The drone industry is ever-evolving. Small quadcopters are improving with every model iteration and the rate of development is showing no signs of slowing. This is thanks to companies like DJI who have just unveiled the brand new Phantom 3
; a £1200 investment that will now provide the discerning hobbyist or professional client with a feature-filled 4K capable UAV.
This means an established production company or inspection firm can obtain an out the box solution incredibly easily. Hurray for progress! What we are seeing however is an increasing level of blind dependency on a single Phantom in a flight case.
In any other professional environment, having a redundancy is key. The bulk of our clients are photographers and videographers who should know all too well that having backup kit is paramount if they want to avoid embarrassing and costly mistakes. You would never turn up to a job with one camera body and lens in your kit bag. Planning for kit failure and accidental damage is an obvious one if you plan on keeping end customers happy and maintaining a good reputation. So why is this logic rarely applied to quadcopters? Especially when a drone is subject to way more risk than a camera that spends its time on the ground in relative safety.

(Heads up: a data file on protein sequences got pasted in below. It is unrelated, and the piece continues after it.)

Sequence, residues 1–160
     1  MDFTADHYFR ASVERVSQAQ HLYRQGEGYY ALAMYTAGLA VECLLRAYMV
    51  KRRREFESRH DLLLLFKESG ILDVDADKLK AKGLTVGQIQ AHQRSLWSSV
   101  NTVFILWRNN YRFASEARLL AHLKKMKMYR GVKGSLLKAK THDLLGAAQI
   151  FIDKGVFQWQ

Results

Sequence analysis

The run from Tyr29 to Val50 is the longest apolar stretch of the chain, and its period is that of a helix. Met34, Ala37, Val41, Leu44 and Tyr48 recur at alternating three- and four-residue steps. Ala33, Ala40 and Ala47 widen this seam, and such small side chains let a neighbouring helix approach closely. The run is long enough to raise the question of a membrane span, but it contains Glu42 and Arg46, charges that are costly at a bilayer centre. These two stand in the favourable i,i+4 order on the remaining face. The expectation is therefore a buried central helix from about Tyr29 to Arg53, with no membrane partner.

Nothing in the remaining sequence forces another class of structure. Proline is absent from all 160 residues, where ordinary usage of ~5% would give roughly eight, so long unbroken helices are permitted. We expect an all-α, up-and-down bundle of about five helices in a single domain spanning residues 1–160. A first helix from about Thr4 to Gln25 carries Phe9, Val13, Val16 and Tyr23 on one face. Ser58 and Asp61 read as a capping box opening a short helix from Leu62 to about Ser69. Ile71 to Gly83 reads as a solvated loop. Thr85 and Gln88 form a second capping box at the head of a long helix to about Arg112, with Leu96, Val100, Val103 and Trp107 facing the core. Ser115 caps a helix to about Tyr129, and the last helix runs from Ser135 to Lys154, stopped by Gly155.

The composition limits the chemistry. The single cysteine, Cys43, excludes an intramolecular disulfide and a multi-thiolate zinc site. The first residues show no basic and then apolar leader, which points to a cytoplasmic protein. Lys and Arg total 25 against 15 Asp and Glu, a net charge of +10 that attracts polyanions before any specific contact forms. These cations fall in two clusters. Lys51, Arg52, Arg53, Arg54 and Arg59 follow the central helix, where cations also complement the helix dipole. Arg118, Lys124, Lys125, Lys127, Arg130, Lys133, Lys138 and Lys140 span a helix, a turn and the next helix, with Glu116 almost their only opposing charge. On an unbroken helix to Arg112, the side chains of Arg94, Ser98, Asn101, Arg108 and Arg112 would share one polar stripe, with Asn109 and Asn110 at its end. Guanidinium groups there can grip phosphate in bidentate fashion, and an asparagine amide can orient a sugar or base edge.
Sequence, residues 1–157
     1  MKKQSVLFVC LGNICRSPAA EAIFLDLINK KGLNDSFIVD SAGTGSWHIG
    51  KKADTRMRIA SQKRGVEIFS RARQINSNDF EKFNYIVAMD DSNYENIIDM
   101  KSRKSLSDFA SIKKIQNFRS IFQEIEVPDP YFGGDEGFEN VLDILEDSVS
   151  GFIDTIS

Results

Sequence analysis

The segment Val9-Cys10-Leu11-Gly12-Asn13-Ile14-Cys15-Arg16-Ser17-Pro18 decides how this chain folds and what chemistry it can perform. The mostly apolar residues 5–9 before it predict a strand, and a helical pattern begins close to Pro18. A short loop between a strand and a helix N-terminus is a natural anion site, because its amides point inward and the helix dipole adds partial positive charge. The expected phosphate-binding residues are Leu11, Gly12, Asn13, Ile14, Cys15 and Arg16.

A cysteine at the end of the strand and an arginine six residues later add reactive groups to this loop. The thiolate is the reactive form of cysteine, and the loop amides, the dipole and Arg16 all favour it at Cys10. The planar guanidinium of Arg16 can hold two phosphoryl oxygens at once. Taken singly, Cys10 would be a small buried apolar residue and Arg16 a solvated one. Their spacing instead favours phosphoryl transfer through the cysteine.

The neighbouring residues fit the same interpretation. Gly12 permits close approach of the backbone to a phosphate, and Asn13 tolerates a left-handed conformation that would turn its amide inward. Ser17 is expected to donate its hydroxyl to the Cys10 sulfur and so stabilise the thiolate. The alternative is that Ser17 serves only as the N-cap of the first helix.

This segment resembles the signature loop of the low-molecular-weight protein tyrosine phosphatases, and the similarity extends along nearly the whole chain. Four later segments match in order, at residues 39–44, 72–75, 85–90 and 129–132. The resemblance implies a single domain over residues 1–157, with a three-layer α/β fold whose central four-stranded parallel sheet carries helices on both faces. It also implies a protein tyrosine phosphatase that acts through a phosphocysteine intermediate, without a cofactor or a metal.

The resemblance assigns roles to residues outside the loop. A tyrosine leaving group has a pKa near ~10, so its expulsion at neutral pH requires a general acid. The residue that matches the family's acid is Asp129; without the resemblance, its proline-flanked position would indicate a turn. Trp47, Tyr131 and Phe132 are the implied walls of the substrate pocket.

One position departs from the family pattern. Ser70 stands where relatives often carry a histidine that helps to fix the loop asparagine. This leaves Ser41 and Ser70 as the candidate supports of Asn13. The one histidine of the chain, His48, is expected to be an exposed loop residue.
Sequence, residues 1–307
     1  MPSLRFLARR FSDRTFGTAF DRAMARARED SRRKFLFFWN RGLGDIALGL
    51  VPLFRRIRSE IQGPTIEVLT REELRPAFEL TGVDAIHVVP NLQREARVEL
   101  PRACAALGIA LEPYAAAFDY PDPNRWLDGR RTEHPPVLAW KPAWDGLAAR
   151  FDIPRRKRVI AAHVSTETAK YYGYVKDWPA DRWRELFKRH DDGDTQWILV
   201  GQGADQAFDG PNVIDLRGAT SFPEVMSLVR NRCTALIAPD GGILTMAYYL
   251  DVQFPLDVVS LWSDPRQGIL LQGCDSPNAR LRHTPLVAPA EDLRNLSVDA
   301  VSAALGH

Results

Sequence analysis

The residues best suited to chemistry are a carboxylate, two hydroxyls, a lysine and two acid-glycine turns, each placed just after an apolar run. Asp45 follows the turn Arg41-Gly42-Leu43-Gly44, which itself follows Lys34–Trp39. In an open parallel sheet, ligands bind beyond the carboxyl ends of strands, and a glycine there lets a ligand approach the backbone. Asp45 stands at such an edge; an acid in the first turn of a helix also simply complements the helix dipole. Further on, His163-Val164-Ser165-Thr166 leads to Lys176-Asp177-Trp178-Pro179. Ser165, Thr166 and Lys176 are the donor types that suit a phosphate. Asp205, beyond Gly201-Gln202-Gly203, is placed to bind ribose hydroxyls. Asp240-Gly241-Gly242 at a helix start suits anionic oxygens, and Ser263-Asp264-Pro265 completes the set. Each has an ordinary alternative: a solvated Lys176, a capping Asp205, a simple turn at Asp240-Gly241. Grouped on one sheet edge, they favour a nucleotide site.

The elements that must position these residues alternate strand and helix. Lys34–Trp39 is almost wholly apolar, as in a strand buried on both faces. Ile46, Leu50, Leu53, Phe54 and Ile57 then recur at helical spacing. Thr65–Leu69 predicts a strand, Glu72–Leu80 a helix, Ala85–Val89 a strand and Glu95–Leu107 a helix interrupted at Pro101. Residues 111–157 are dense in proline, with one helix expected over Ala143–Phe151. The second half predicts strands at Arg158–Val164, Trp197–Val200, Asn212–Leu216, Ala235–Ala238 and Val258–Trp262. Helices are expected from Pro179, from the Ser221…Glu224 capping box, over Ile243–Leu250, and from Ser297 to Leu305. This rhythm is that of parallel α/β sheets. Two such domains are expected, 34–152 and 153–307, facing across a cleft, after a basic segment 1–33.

As the DJI Official Repair Centre for the UK
we are seeing huge numbers of Phantom repairs coming in from professional clients - most of which want their rig fixed yesterday as they are relying on it for upcoming jobs. Would a painter and decorator have one paint brush? Of course he wouldn't, his work depends on it so he has a van full of expensive ones. Tenuous analogy I know but you can see the point.